Spectacular as the sound of the "little" Lector is; you are in for a true surprise. Sure, the stock tubes deliver and they deliver in spades. Alas, to quote Ted Turner, "only more IS more". Hence clever men invented turbo charging, or forced air induction. Same displacement, same engine, but with more air in the cylinder heads, that little engine suddenly puts out a whopping gazillion more elements of power, which really has nothing to do with horses anymore. No sir, think more like Flux capacitors. While forced air induction really has nothing in common with tube rolling, the effects are in some cases similar. In the case of the Lector CDP-06t it is mind numbing. Having been perfectly happy with the performance of the stock tube'd Lector, Brian called one day to say he had sent me a pair of RCA Black Plates—"give those a try and tell me what you think". Think? Imagine is more like it. As in …imagine the transformation the CDP-06t went under! Holy crap. Strap on that 6 point racing harness and prepare to look like the guy in the famous Maxell commercial. Or like Kimi when he slams his carbon brakes on his 2007 F1, decelerating with 4+g's. All those minor quibbles such as slightly wooly bass and any smidgens of smear all vanished. Resolution gets kicked up a few notches as well, while the oh so golden musicality of the player remains unchanged. Disc after disc sounded that much more real, there, and right. I could hardly believe the results—not that I have rolled tubes all that much in my past life, but this was clearly unexpected: that a player can gain that much better performance from a simple tube roll was not in the playbook.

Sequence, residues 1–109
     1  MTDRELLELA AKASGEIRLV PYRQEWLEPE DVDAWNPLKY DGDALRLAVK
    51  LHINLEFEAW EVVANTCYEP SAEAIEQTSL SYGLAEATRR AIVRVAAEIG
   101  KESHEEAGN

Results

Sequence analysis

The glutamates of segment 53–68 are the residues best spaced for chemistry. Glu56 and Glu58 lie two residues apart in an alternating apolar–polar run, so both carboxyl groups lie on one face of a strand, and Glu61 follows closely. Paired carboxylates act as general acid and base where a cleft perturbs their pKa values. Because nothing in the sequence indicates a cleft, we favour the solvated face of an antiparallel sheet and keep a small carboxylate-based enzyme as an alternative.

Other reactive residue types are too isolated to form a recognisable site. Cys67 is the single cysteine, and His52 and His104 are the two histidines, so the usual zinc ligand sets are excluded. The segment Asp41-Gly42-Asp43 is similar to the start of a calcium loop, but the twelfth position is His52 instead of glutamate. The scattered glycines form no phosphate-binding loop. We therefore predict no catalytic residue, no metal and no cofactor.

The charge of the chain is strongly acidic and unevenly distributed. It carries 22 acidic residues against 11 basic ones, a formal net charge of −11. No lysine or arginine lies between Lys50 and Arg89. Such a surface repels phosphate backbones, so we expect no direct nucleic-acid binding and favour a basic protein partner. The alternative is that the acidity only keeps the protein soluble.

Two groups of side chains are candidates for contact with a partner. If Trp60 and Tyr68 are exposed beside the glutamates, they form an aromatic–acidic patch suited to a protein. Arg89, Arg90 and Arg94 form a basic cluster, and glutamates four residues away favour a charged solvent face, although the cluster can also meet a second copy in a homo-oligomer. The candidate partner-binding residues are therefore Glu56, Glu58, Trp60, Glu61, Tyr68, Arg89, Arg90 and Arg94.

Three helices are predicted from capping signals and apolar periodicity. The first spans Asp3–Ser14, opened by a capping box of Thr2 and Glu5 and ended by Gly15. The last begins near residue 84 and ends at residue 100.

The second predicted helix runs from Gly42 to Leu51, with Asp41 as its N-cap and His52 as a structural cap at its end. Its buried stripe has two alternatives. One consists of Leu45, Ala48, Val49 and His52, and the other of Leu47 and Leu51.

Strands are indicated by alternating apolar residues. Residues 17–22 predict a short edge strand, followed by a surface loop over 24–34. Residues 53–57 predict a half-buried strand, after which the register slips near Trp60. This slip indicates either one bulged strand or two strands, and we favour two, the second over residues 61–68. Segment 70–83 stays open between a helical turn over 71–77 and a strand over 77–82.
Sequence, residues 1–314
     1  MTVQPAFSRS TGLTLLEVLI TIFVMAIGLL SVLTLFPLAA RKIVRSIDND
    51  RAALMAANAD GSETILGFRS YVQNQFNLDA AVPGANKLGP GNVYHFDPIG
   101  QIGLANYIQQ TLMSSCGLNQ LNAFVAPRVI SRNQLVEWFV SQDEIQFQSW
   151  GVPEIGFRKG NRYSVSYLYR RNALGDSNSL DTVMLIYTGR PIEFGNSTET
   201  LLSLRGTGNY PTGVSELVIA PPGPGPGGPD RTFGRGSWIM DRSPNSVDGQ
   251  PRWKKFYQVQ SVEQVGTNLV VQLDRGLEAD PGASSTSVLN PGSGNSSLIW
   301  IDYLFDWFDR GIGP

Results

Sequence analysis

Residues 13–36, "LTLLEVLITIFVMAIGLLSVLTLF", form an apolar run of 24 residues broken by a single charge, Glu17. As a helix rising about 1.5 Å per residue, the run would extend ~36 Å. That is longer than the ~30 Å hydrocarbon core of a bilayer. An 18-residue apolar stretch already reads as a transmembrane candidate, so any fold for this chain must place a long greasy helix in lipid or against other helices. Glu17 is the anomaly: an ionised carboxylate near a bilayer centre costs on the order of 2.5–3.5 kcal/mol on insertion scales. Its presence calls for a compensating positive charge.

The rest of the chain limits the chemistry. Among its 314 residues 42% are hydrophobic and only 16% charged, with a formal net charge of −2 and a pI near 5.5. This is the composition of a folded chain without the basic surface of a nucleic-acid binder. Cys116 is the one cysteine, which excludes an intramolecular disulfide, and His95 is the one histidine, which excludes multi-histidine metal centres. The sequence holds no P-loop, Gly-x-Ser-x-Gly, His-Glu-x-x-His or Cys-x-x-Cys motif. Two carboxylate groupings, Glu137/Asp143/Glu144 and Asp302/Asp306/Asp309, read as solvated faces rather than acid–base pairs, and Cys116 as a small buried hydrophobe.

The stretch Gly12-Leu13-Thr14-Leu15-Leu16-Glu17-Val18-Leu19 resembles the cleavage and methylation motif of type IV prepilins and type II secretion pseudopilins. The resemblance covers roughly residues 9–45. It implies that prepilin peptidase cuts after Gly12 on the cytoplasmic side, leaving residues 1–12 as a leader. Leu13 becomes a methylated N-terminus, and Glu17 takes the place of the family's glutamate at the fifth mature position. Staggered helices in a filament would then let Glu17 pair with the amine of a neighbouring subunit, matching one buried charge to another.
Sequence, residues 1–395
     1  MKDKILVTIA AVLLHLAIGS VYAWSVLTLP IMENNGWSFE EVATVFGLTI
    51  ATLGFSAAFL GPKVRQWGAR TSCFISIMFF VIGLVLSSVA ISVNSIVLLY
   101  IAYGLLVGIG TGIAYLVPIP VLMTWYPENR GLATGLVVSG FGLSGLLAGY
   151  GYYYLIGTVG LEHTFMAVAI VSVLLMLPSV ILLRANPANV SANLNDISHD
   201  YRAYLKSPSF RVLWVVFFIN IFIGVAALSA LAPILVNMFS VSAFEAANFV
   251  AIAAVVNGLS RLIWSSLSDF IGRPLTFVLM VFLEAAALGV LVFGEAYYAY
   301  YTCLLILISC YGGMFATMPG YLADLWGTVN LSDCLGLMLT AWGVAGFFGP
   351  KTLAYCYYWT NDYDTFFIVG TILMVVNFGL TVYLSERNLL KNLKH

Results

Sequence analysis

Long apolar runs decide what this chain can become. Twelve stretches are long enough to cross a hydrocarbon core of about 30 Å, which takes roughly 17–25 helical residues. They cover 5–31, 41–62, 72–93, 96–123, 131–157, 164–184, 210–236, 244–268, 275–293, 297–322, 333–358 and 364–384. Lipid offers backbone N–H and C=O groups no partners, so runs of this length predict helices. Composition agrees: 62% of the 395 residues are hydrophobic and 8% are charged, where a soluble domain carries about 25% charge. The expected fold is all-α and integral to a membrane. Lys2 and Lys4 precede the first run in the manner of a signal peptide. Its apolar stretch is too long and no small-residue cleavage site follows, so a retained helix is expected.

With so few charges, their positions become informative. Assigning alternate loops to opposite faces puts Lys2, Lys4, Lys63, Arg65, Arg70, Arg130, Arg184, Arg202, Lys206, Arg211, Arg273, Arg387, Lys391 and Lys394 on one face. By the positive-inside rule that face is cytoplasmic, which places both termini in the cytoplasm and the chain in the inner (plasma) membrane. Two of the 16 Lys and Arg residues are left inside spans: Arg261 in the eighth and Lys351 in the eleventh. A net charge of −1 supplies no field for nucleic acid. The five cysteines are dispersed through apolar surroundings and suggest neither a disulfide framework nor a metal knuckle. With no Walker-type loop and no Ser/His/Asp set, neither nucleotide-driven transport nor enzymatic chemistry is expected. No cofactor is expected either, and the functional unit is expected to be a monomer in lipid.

The 06t with black acrylic sides

Conclusion or how I almost bought the Lector…

Given that my opening statement suggests that compact disc players to be nigh passé, I do have to confess that even as I am in the midst of Squeezebox, Sooloos, ZeroOne, and other such music servers, this is the last disc player I must own, if for no other reason then to capture a piece of history. Of course, sometimes you also just want to do the "old fashioned" thing of opening a drawer, selecting a disc, pressing play, well, that sort of nostalgic thing anyway. At $2190, the Lector is a steal. At $2190 plus the cost of RCA Black Plates the Lector is almost as good as any disc player I have heard in recent times. It has the looks of say Sophia Lauren in her prime and a natural sound quality to match its sexy attire. Why did I not drop the cash for the Lector? The answer is simple: Lector. Having gushed over the performance of the CDP-06t with Brian, he recommended I leave my final decision until after I had the chance to spend some time with the 6's bigger brother, the 07t. The 07t I am told takes what the 06t offers to new heights (dare I say reference?!), whilst still remaining a bargain. Almost having pulled the trigger, I placed my Glock back in its place, albeit on high alert. Defcon 2 if you wish. Brian is shipping the player within a week or so, at which point I will know fairly quickly of exactly how much money will be spent. The separate power supply, overall upgraded circuitry, and more elaborate design yield an unprecedented raise in performance. Hard to imagine. Alas, one thing is for certain: a Lector it will be. Danny Kaey

Most highly recommended, A+++ and a definite Writer's Choice Award recipient!

Lector Audio
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US Importer

Aaudio Imports